My Top Ten Writing Tips

I look back to when I was an aspiring author, smile and ask myself “how did I ever manage to get published?” Apart from being able to string a few words together I knew nothing about the business of becoming published. Yet somehow I managed to become a published picture book writer. However if I knew then what I know now my journey would have been a shorter one. So to reduce the length of your journey here are my top ten writing tips for writing a story a commissioning editor will hopefully love.

A Book For Bramble
One:
Listen to how children speak, what they talk about, the worries they have etc. All of this can be used to fuel your work and ensure you’re writing stories children will enjoy and relate to.

Two:
If you get the chance to study poetry, even a short workshop, then go for it. A picture book writer can learn a lot from studying poetry and use that knowledge to add that little extra to their stories.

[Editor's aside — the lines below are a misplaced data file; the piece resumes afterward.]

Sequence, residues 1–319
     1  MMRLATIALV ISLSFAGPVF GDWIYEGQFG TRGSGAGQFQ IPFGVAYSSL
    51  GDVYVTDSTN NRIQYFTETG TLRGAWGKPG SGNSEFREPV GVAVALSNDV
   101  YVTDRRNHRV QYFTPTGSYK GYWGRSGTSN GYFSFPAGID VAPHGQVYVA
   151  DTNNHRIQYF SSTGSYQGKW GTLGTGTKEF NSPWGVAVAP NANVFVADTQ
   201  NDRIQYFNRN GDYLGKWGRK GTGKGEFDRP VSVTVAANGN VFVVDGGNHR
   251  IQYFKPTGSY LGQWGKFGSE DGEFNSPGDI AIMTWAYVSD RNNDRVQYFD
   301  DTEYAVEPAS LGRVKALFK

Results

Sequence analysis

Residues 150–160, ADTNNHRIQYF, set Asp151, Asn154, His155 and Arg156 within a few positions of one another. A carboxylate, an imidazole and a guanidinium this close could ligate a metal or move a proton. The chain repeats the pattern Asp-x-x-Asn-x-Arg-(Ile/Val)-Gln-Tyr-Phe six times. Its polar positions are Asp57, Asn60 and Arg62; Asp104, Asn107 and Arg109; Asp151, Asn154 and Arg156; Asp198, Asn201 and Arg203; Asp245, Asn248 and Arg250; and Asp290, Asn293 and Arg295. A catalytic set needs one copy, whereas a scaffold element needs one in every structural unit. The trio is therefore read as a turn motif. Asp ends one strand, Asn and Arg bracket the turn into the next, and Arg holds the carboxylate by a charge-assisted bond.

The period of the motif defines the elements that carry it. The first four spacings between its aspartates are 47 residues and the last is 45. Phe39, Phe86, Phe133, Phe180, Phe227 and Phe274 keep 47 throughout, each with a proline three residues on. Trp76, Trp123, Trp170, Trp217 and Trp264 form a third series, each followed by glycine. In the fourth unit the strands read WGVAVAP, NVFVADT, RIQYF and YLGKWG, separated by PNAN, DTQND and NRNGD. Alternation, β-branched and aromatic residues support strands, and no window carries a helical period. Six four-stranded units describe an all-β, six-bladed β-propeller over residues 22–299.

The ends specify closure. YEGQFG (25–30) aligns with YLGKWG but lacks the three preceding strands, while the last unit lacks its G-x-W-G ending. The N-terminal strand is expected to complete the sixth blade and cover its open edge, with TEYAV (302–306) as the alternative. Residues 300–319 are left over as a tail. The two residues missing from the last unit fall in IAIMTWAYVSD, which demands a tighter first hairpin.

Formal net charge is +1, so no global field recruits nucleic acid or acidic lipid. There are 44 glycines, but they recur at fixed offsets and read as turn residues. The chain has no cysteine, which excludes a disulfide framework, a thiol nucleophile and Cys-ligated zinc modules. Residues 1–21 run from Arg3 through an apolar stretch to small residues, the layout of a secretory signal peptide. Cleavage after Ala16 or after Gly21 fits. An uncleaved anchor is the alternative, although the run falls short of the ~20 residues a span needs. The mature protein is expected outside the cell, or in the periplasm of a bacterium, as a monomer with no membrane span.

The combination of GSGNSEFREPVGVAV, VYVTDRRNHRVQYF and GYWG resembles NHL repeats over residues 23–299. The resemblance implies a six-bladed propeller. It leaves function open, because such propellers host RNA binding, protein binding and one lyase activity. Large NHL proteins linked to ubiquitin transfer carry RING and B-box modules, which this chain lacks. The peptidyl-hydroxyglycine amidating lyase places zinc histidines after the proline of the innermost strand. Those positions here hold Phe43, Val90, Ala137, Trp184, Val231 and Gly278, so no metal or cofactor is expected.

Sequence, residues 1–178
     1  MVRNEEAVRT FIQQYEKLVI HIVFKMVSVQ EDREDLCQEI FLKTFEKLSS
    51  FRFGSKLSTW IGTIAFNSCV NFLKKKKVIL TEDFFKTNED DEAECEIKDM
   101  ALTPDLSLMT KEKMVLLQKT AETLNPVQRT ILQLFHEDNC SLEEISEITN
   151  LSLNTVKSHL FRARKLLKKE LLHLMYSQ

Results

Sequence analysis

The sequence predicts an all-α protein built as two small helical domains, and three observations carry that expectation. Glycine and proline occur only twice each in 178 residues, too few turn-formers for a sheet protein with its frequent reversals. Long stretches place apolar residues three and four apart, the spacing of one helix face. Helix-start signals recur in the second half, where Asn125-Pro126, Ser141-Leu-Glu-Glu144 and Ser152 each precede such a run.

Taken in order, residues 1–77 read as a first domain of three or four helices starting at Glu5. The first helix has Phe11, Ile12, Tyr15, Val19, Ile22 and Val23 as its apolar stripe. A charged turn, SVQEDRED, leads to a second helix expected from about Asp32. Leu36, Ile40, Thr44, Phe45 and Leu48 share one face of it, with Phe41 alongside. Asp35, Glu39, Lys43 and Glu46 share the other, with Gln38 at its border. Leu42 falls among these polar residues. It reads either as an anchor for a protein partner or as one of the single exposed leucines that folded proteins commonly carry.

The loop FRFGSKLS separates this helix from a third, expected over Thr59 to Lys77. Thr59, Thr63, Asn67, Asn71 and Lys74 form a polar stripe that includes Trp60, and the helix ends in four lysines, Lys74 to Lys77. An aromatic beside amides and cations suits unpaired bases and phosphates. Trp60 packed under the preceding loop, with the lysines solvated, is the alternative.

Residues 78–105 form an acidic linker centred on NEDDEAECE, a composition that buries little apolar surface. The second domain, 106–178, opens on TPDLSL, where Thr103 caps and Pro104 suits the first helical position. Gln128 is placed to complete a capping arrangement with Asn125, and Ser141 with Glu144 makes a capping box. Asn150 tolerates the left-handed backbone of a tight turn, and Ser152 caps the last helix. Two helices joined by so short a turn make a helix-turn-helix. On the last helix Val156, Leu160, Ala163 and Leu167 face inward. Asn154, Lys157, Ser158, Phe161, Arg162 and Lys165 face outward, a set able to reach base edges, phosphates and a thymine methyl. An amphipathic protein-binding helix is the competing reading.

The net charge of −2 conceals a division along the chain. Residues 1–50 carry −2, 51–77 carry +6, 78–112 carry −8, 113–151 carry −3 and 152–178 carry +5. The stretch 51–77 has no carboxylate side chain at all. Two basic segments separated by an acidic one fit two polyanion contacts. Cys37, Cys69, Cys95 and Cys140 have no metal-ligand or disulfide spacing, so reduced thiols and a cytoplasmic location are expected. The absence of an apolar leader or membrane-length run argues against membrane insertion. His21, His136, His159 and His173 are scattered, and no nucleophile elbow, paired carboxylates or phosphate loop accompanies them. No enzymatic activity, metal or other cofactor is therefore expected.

Three:
When writing be aware of your audience and use appropriate words. Don’t use ‘grown up’ or long words when short will do.

Four:
Learn from published authors by reading, reading and reading some more. As you read question how the author has constructed the story, how they make you want to turn the pages, how they use words etc.

Five:
Break down your story into spreads and think of them as scenes in a play. Ask yourself is there something new happening on every page? Have you given the illustrator something to work with? Does the new scene move the story forward? If the answer to any of these is no then you need to have a rethink.

Six:

Get your characters talking as soon as possible. Let them tell the story in their own words. It is there story after all.

new dog did it smallSeven:
Try using repetition in your story. Repetition provides a hook, something for your readers to listen out for, to anticipate. Repetition allows them to join in with the story and become part of your characters journey.

Eight:
Try to include the five senses in your descriptions. What does something smell like, feel like, sound like, look like and taste like? This will allow your reader to connect with the action on the page.

Nine:
Everyone loves to laugh, so if appropriate include a little humour. This can be in your use of words, the illustrations or perhaps even both.

Ten:

Have a go at using the magic number three in your story. Think Goldilocks and The Three Bears, The Three Billy Goats Gruff and The Three Little Pigs.

I hope these tips help and good luck with your writing.

 

Lynne

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